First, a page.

Solid State Drives – In House Performance Stats

April 6, 2009

I love working at SoftLayer. I get to play with the newest hardware before anyone else. Intel, Adaptec, Supermicro… The list goes on. If they are going to release something new, we get to play with it first. I also like progression. Speed, size, performance, reliability; I like new products and technologies that make big jumps in these areas. I am always looking to push components and complete systems to the limits.

But alas, Thomas Norris stole my thunder! Check out his article “SSD: A Peek into the Future” for the complete skinny on the SSD’s we use. I seem to be a bit to concise for a nice long blog anyways. But not to worry, I’ve got some nifty numbers that will blow the jam out of your toes!

Solid State Drives (SSD) represent a large jump in drive performance. Not to mention smaller physical size, lower power consumption, and lower heat emissions. The majority of drive activity is random read/write. SSD drives have drastically improved in this area compared to mechanical drives. This results in a drastic overall performance increase for SSD drives.

This is a comparison of the Intel 32GB X25-E Extreme drive vs. other drives we carry. Note the massive jump in the random read/write speed of the SSD drive.

No more waiting on physical R/W heads to move around. How archaic!

Chart

Please note that no performance utility should be used to definitively judge a component or system. In the end, only real time usage is the final judge. But performance tests can give you a good idea of how a component or system compares to others.

Single drive performance increases directly translate into big improvements for RAID configurations as well. I have compared two of our fastest SATA and SAS four drive RAID 10 setups to a four drive SSD RAID 10 using an Adaptec 5405 Controller.

Chart

The Adaptec 5405 RAID controller certainly plays a part in the performance increase, on top on the simple speed doubling due to 2 drives being read simultaneously. (See my future blog on the basics or RAID levels, or check Wikipedia) .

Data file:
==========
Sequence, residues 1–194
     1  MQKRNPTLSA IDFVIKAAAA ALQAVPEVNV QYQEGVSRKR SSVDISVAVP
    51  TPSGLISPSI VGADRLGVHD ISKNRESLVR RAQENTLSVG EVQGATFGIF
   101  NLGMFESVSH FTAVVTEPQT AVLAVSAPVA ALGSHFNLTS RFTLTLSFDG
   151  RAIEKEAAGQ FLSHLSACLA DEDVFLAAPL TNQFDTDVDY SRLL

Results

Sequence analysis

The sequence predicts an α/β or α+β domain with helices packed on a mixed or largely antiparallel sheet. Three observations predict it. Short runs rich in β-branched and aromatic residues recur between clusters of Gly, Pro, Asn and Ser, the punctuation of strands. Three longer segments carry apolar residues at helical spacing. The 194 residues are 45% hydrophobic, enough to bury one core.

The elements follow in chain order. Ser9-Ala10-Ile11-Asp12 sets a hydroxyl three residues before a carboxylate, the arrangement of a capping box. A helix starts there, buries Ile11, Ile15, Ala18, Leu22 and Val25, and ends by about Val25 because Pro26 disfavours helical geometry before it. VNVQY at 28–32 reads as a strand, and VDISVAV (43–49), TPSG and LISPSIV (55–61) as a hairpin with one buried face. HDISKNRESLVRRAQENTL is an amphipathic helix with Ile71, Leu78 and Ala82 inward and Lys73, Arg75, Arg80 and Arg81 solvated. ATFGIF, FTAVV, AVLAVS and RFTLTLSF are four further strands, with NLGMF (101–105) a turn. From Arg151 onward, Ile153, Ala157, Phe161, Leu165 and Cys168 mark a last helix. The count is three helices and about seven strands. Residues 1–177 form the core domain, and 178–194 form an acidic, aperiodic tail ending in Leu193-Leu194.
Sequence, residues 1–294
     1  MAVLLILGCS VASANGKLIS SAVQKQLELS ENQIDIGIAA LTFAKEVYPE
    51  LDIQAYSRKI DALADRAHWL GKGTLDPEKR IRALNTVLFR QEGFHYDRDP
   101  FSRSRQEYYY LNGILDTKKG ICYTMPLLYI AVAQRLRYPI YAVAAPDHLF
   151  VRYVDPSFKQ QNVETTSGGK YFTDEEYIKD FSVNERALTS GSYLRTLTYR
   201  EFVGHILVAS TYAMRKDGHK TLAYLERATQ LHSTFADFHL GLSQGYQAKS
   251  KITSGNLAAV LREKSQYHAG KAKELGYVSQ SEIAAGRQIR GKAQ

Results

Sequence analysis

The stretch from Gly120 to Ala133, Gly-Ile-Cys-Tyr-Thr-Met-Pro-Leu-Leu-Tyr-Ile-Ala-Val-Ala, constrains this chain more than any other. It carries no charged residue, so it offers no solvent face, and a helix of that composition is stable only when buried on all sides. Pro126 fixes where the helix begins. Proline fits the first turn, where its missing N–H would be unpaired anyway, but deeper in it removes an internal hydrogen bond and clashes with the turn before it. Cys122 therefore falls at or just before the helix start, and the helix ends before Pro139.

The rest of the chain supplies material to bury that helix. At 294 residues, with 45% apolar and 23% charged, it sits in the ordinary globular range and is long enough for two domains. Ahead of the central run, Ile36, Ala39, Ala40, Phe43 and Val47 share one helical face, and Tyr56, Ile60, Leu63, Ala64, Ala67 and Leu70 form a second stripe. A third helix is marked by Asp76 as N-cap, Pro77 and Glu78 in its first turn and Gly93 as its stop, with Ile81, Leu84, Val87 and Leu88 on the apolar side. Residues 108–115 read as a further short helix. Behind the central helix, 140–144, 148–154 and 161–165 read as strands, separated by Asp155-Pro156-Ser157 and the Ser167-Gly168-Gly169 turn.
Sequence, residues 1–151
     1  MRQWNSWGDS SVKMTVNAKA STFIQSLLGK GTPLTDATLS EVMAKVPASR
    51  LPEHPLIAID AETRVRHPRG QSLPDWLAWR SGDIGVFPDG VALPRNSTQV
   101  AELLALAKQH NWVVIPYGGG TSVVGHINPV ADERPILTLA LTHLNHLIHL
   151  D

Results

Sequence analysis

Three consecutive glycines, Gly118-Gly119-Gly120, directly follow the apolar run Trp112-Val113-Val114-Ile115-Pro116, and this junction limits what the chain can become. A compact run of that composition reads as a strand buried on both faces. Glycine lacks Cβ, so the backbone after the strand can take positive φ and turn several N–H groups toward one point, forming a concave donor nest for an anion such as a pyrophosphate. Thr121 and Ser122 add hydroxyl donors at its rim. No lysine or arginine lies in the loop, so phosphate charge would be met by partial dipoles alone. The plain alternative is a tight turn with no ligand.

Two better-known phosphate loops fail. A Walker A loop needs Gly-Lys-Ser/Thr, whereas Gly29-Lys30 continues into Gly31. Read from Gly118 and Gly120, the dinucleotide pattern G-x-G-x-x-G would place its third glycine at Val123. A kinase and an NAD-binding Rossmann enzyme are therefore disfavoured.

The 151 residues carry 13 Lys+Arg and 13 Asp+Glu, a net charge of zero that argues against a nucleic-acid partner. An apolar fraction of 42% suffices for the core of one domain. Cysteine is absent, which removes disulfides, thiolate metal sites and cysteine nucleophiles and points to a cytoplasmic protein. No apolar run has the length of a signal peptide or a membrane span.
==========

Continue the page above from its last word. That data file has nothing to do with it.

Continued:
Propeller heads read on:

The numbers indicate a multiplied increase if you take the base drive speed (Cheetah – 11.7mbps / X25-E – 64.8mbps) and double it (the theoretical increase a RAID 10 would give): 23.4mbps and 129.6mbps respectively. Actually performance tests show 27.3mbps and 208.1mbps. That means the Cheetahs are getting a 15% performance boost on random read/write and the X25-E a whopping 37% due to the RAID card. Hooray for math!

Once again, this is all performance tests and a bit of math speculation. The only real measure of performance, IMO, is how it performs the job you need it to do.

Comments

April 6th, 2009 at 10:43am

My only concern is reliability. I've read many people talk about SSDs failing after a short period of time. Since they are so new it's hard to know how reliable they will be long term.. Any thoughts?

April 6th, 2009 at 12:30pm

so.. when do you expect SL to start offering SSDs in the server packages? Would the SSD drives be compatible with current SATA based setups? As in would it be as simple as adding/replacing a drive?

I think it would make sense for servers to use SSD for the SQL data directory ... and webserver caches ...

April 12th, 2009 at 11:12am

Hi,

I don't understand, is the Intel 32GB X25-E Extreme drive the drive labeled as "32GB Intel SLC SSD" and/or "64GB Intel SLC SSD" in your order form?

April 12th, 2009 at 11:27am

Of course 32GB would be "2GB Intel SLC SSD" and 64GB "64GB Intel SLC SSD", lol!

December 17th, 2011 at 2:06pm

Sharp tnhinkig! Thanks for the answer.

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Comments

April 6th, 2009 at 10:43am

My only concern is reliability. I've read many people talk about SSDs failing after a short period of time. Since they are so new it's hard to know how reliable they will be long term.. Any thoughts?

April 6th, 2009 at 12:30pm

so.. when do you expect SL to start offering SSDs in the server packages? Would the SSD drives be compatible with current SATA based setups? As in would it be as simple as adding/replacing a drive?

I think it would make sense for servers to use SSD for the SQL data directory ... and webserver caches ...

April 12th, 2009 at 11:12am

Hi,

I don't understand, is the Intel 32GB X25-E Extreme drive the drive labeled as "32GB Intel SLC SSD" and/or "64GB Intel SLC SSD" in your order form?

April 12th, 2009 at 11:27am

Of course 32GB would be "2GB Intel SLC SSD" and 64GB "64GB Intel SLC SSD", lol!

December 17th, 2011 at 2:06pm

Sharp tnhinkig! Thanks for the answer.

Leave a Reply

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